It is extemely Important when translating a docuent to observe the way that particular writer makes use of the various forms within his document, and we do that from the similarities in the context. Mark means to say that the gospel stands written in the Isaiah the prophet, he is not introducing a quotation. All the English translations I am aware of have missed this point. What makes this very exciting is that the next few lines are direct address from writer to reader and convey where the Gospel was written and when. Mark uses the prophesy in Isaiah 40 to say that his good news paralles that of Isaiah after the destruction of Jerusalem. In the first line he gives us the book, in the direct address he gives us chapter and verse.
I recently noticed that the interlinear text of the Zondervan Greek English Interliear translates the perfect passive indicative of gegraptai, "it has been written". I am sure it is because "is written" is just not enough to convey the proper meaning of the text. I can't help but wonder if they have been reprimanded for adding words to their translation in order to make the meaning clear
The last time I attempted to post this it returned to my mail box incomplete I hope it all goes this time.
- RickR370@... wrote:
Dr Gibson you took issue with my comment some time back that Mark never uses Kathws to introduce a quotation. You are confusing Kathws with hws and houtws.
So far as I can see, I am doing no such thing.
Kathws is a conjunction that combines kata and hws. When Mark employs this form it is never used to introduce a quotation.That may be so. But the issue isn't, as you are putting it, whether or not Mark uses KAQWS to introduce a quotation .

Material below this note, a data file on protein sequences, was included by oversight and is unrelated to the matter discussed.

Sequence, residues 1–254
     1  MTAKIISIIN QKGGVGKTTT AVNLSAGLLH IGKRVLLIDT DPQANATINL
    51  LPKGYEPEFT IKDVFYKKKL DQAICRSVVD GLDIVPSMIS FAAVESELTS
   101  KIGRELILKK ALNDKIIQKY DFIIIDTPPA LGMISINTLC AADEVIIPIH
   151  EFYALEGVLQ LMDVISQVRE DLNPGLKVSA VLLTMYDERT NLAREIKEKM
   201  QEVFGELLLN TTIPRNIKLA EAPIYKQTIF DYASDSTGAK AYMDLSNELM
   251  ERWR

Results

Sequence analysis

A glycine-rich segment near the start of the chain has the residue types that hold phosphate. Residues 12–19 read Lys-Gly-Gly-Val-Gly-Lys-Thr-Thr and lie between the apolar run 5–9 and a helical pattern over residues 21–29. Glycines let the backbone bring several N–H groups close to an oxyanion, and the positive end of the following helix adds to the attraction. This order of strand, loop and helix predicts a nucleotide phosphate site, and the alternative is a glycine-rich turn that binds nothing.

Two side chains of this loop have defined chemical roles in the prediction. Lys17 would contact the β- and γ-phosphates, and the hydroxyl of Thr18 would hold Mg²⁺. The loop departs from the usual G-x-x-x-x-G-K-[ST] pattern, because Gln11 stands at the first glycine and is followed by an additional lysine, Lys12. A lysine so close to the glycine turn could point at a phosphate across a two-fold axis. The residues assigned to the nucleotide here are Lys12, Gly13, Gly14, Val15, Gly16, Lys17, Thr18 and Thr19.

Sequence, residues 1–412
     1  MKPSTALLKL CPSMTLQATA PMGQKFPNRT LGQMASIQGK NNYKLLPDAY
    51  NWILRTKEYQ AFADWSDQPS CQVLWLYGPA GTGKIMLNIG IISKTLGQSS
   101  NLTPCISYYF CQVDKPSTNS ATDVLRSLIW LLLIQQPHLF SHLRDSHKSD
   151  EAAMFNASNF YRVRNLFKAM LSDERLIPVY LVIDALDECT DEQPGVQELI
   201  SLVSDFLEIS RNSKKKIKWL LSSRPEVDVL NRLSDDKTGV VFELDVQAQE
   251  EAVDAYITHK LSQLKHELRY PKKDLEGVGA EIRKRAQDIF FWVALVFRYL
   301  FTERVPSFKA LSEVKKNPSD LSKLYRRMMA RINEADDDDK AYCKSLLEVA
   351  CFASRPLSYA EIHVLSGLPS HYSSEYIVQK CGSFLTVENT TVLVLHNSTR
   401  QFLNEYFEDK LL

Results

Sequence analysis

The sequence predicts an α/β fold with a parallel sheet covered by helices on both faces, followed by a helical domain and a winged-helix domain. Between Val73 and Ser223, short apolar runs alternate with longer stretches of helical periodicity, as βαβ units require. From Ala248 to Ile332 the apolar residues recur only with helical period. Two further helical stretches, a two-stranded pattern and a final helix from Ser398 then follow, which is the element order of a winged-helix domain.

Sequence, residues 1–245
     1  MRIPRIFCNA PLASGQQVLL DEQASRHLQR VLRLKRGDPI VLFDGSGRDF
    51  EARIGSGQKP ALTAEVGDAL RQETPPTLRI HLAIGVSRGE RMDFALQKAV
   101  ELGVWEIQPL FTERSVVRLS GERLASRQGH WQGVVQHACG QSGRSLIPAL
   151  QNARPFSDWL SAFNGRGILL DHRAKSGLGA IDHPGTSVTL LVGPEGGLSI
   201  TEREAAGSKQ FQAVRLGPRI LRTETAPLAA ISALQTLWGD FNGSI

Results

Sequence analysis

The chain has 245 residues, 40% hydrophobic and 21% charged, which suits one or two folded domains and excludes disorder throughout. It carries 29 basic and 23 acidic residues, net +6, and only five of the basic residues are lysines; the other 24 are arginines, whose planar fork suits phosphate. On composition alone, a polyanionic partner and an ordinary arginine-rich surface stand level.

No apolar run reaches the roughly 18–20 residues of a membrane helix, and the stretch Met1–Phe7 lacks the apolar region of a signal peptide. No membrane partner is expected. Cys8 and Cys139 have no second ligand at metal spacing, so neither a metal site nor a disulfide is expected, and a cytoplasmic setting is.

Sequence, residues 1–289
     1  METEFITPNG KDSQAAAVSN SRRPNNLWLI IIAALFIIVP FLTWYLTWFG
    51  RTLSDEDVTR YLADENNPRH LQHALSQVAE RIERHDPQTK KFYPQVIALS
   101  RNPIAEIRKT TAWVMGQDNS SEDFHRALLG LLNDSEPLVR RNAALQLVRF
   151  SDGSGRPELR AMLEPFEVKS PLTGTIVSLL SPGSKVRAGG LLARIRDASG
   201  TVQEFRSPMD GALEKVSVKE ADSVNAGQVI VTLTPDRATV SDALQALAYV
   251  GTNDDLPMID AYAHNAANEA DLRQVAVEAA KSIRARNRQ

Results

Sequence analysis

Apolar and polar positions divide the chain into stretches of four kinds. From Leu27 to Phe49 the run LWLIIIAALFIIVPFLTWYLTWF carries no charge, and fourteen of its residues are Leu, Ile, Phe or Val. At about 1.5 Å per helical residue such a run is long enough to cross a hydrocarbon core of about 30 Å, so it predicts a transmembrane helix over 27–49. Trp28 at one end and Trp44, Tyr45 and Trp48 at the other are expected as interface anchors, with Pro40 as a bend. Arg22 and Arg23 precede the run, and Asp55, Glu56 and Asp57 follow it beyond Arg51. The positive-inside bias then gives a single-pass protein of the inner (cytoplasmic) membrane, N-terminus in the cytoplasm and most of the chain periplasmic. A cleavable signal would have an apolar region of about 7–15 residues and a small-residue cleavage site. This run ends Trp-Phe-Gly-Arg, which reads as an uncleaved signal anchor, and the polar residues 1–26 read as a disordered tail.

The issue is what Mark's use of KAQWS with GEGRAPTAI + a citation/quotation (however badly attributed) indicates he is up to. And given the function that the exact same construction has when it is used elsewhere in the NT, in the LXX, in the DSS and Rabbinic literature, and by "secular" Greek writers (namely, to introduce a quotation), why would we expect, as you seem to think we should, that it was intended by Mark when **he** used it, as he most certainly does at Mk, 1:2, to have some function other than what contemporary usage shows it consistently had?
So I ask again if you have any evidence -- and assertion, mind you, is not evidence -- that KAQWS + GEGRAPTAI before a quotation ever functioned as anything but a citation formula?
I recently noticed that the interlinear text of the Zondervan Greek English Interliear translates the perfect passive indicative of gegraptai, "it has been written". I am sure it is because "is written" is just not enough to convey the proper meaning of the text. I can't help but wonder if they have been reprimanded for adding words to their translation in order to make the meaning clearLeaving aside the question of who would reprimand them, the real question is what makes you think anyone would have cause to do so, since "It has been written" adds *no* words to the proper translation of GEGRAPTAI. In fact, "it has been written" is exactly what GEGRAPTAI literally means. Or am I missing something?
Jeffrey B. Gibson, D.Phil. (Oxon.)
1500 W. Pratt Blvd. #1
Chicago, IL 60626